Economy

FinMins’ Group recommends allowing Kerala to levy cess at 1% for two years

Our Bureau New Delhi | Updated on January 07, 2019 Published on January 06, 2019

Flood-hit Kerala will become the first State to levy a cess after the introduction of the new indirect tax regime   -  C_RATHEESH KUMAR

Proposal to be taken up by GST Council at its meeting on Jan 10

The Group of States’ Finance Ministers (GoFM) will recommend to the GST Council to consider allowing flood-hit Kerala to levy a cess at the rate of 1 per cent to fund rehabilitation and resettlement processes.

“The cess will be for a maximum of two years,” Sushil Kumar Modi, Deputy Chief Minister of Bihar and Chairman of the GoFM, told reporters here after the meeting. The GST Council, at its meeting on January 10, will consider the proposal. If approved, Kerala will become the first State to levy a cess after the introduction of the new indirect tax regime.

Borrowing limit

Thomas Issac, Finance Minister of Kerala, who is also a member of the GoFM, said that its other request — to allow the State to borrow over and above FRBM (Fiscal Responsibility and Budget Management Act) — is pending. “Excess borrowing should depend on the extent of calamity,” Issac said while Modi added that the Centre and States will together decide on increasing it. At present, the limit is 3 per cent of SGDP which can be relaxed under special circumstances.

The FMs’ Group was constituted in September after flood-hit Kerala sought permission to levy the cess. The Ministers’ Group It was asked to examine six issues, including whether there should also be a supplementary mechanism for funding natural calamities and disasters through the GST, and if so, whether it should be through additional cess or tax and whether such a levy should be State-specific or across the country. Modi said that it will be impractical to levy the cess nationwide. Also, there will be distributional issues.

The matter of an additional revenue mobilisation mechanism arose after the Kerala Cabinet, at its meeting on August 21, approved a proposal for a 10 per cent cess to mopping up resources to meet the cost of rehabilitation and reconstruction after the flood havoc. It approached the GST Council for imposing the cess. Since the Centre and States have pooled their sovereignty in terms of deciding on indirect tax rates in the GST Council, the final call can be taken by the Council on any demand by a State.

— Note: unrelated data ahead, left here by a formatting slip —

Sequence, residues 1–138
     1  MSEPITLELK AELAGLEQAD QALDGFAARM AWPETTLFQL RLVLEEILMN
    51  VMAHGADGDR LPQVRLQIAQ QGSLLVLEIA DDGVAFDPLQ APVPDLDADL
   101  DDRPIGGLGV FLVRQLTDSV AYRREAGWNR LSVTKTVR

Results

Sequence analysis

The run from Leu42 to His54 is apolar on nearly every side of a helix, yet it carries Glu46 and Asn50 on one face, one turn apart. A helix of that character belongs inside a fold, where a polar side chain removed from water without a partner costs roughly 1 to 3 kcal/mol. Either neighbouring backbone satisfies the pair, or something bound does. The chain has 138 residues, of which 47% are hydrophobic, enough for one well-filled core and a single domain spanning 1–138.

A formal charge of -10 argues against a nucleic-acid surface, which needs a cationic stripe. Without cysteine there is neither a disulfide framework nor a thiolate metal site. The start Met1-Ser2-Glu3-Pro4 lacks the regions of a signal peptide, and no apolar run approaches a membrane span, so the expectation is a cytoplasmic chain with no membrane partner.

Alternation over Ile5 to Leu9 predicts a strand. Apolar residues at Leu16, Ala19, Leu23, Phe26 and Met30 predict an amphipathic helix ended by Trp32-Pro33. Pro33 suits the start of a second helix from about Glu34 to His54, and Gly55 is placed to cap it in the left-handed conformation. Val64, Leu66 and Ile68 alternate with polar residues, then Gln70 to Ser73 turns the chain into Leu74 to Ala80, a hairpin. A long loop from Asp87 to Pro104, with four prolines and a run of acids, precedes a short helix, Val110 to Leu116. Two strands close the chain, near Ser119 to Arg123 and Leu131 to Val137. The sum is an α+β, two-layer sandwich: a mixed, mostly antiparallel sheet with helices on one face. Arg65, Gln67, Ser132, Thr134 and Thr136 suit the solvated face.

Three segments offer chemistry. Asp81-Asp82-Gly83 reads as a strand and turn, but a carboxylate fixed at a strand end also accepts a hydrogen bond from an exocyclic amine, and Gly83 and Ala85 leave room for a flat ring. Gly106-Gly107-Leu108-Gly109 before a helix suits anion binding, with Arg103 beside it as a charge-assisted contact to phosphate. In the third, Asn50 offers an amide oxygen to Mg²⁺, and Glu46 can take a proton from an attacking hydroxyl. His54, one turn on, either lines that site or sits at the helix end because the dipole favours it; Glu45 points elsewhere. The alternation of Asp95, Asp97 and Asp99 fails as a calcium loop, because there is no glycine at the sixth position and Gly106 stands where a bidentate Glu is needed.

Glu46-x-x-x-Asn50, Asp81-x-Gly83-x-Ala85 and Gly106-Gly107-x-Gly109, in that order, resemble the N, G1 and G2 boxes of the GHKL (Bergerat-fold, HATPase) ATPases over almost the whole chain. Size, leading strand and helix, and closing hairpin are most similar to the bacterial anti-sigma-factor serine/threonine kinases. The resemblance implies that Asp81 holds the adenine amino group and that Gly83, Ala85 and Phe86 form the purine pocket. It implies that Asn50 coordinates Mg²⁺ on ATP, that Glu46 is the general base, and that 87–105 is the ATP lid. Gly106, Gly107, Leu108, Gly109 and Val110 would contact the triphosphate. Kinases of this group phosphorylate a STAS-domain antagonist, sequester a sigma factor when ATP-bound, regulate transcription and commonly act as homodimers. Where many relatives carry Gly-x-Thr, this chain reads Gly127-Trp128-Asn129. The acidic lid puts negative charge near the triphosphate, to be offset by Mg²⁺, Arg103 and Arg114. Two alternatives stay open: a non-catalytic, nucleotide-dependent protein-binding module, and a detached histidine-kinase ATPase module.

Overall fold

The Central and State laws have set a permissible limit of 40 per cent (without cess) for the GST, while the current maximum rate is 28 per cent. Following a Constitutional amendment, sub-section (4) (F) of the newly-inserted article 279 A prescribes: “Any special rate or rates for a specified period to raise additional resources during any natural calamity or disaster.”

Similarly, the schedule to the Goods and Services Tax (Compensation to States) Act, 2017, provides for imposing a cess up to the rate of 15 per cent ad valorem on “any other supplies”. However, there is no clarity in the law on imposing a cess for purposes other than compensating States in case there is a revenue shortfall. Keeping this in mind, opinion favours a State-specific levy.

No consensus on MSME relief

Separately, another ministerial panel under Minister of State for Finance Shiv Pratap Shukla, on giving relief to MSMEs under GST, deliberated on the exemption threshold for such businesses. But the panel could not reach a consensus for specific threshold.

While some States favoured the limit should be hiked to turnover of up to ₹40 lakh, others wanted it at ₹50 lakh.

Another suggestion was that for MSMEs with turnover between ₹50 and ₹60 lakh, GST of ₹5,000 be levied, and those between ₹60 lakh and ₹75 lakh, GST should be ₹10,000.

At present, businesses with turnover of up to ₹20 lakh are exempt from GST. For businesses in special and hilly States, the exemption limit is up to ₹10 lakh.

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Published on January 06, 2019
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